The fair management has set up a dead-end area about 30 meters long and five meters wide for the weekly conservative newspaper Junge Freiheit in the corner of a hall.
By doing so, they hope the publishing house will be “better controlled”, according to dpa quoting a spokeswoman of the exhibition management.
“All of Germany complains about the increasing polarisation and division of our society. And what does the Frankfurt Book Fair do? It confines publishers of uncomfortable authors, topics, publications – this is a scandal!” JF editor-in-chief Dieter Stein commented on the quarantine policy
Already last year, the exhibition management headed by director Juergen Boos had a one-sided political position and discriminated against publishers with conservative and libertarian authors.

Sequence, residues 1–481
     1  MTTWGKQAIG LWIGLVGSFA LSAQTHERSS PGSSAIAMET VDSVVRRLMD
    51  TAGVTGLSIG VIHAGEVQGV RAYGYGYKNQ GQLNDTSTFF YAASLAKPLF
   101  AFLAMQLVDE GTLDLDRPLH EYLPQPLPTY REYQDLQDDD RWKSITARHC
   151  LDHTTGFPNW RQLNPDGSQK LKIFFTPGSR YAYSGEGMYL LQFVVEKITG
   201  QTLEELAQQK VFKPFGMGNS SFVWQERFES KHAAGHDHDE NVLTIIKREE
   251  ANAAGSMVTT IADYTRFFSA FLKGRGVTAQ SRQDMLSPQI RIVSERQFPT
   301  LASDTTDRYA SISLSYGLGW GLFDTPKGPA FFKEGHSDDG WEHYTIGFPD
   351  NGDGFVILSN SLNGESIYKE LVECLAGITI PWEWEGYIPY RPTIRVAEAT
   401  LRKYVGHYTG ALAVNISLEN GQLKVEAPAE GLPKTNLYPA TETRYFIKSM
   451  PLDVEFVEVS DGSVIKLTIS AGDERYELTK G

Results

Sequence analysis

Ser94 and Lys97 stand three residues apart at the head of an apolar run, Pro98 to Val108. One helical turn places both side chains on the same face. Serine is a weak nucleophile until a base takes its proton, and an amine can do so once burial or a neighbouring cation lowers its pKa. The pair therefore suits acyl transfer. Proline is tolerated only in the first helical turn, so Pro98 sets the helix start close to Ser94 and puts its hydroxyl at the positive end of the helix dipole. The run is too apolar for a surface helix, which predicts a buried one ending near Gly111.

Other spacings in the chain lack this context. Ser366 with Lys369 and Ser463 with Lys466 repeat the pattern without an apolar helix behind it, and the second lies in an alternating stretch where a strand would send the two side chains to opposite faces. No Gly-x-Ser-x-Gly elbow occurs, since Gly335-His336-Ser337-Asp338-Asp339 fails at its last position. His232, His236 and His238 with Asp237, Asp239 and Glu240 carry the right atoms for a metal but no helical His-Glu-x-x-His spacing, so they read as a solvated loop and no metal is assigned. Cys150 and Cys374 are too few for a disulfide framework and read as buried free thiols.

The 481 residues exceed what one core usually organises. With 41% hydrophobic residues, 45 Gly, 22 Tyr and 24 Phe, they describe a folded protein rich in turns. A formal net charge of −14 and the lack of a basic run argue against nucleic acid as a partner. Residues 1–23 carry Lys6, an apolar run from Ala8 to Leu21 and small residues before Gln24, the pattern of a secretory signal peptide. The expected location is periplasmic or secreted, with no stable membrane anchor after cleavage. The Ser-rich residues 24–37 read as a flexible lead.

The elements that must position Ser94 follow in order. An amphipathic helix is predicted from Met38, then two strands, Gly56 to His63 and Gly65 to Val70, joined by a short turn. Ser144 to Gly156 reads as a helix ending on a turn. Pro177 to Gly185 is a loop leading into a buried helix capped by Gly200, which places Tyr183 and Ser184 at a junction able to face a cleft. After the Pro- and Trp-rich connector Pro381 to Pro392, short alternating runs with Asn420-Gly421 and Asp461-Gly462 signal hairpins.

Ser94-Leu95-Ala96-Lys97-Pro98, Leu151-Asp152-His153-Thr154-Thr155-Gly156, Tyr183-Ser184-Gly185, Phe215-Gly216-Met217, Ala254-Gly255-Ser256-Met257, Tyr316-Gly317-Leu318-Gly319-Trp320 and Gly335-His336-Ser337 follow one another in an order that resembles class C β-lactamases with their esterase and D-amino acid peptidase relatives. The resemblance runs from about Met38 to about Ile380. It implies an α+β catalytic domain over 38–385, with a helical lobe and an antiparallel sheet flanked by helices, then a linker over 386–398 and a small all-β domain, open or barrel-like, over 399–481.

Despite the discriminatory attitude on display by management, the JF stand attracted a large influx of visitors. This time however, the exhibition management wants to prevent this by isolating conservatives and they have mounted a veritable campaign to do so.
“The book management is obliged to behave politically neutral. The unilateral approach of the trade fair management was irresponsible in 2017 and led to escalations,” Stein noted.
The JF has been an exhibitor at the Frankfurt Book Fair every year for 25 years already, with prominent speakers and authors such as Peter Scholl-Latour, Matthias Matussek, Birgit Kelle and Martin van Creveld. “We have never experienced such a negative offensive in these 25 years,” said Stein.
The JF editor-in-chief called on the management of the Book Fair to return to an open discourse and ensure that the Fair “remains a marketplace for the many ideas and opinions in a democracy”.
The JF is the largest conservative weekly newspaper in Germany. It has been published since 1994 in Berlin and is one of the very few newspapers that has continuously increased their paper edition sales, going against the industry trend.
“Junge Freiheit makes an important contribution to more diversity, more skepticism and thus more democracy in Germany,” said Roger Köppel, editor-in-chief of the Swiss Weltwoche.